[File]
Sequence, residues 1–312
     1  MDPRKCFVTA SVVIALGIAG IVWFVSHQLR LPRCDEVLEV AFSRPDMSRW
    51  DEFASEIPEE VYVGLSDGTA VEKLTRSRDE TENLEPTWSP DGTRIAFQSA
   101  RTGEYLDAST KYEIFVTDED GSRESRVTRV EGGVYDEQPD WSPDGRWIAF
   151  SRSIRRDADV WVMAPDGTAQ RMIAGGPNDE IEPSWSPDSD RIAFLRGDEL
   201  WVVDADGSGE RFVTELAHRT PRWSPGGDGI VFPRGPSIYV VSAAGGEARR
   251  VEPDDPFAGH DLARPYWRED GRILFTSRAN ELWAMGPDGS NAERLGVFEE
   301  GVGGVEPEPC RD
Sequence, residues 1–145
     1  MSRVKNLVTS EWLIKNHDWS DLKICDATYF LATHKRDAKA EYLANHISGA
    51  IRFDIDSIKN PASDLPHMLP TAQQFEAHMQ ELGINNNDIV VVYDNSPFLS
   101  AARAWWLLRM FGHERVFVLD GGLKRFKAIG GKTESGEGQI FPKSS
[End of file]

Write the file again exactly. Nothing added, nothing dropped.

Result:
Sequence, residues 1–312
     1  MDPRKCFVTA SVVIALGIAG IVWFVSHQLR LPRCDEVLEV AFSRPDMSRW
    51  DEFASEIPEE VYVGLSDGTA VEKLTRSRDE TENLEPTWSP DGTRIAFQSA
   101  RTGEYLDAST KYEIFVTDED GSRESRVTRV EGGVYDEQPD WSPDGRWIAF
   151  SRSIRRDADV WVMAPDGTAQ RMIAGGPNDE IEPSWSPDSD RIAFLRGDEL
   201  WVVDADGSGE RFVTELAHRT PRWSPGGDGI VFPRGPSIYV VSAAGGEARR
   251  VEPDDPFAGH DLARPYWRED GRILFTSRAN ELWAMGPDGS NAERLGVFEE
   301  GVGGVEPEPC RD
Sequence, residues 1–145
     1  MSRVKNLVTS EWLIKNHDWS DLKICDATYF LATHKRDAKA EYLANHISGA
    51  IRFDIDSIKN PASDLPHMLP TAQQFEAHMQ ELGINNNDIV VVYDNSPFLS
   101  AARAWWLLRM FGHERVFVLD GGLKRFKAIG GKTESGEGQI FPKSS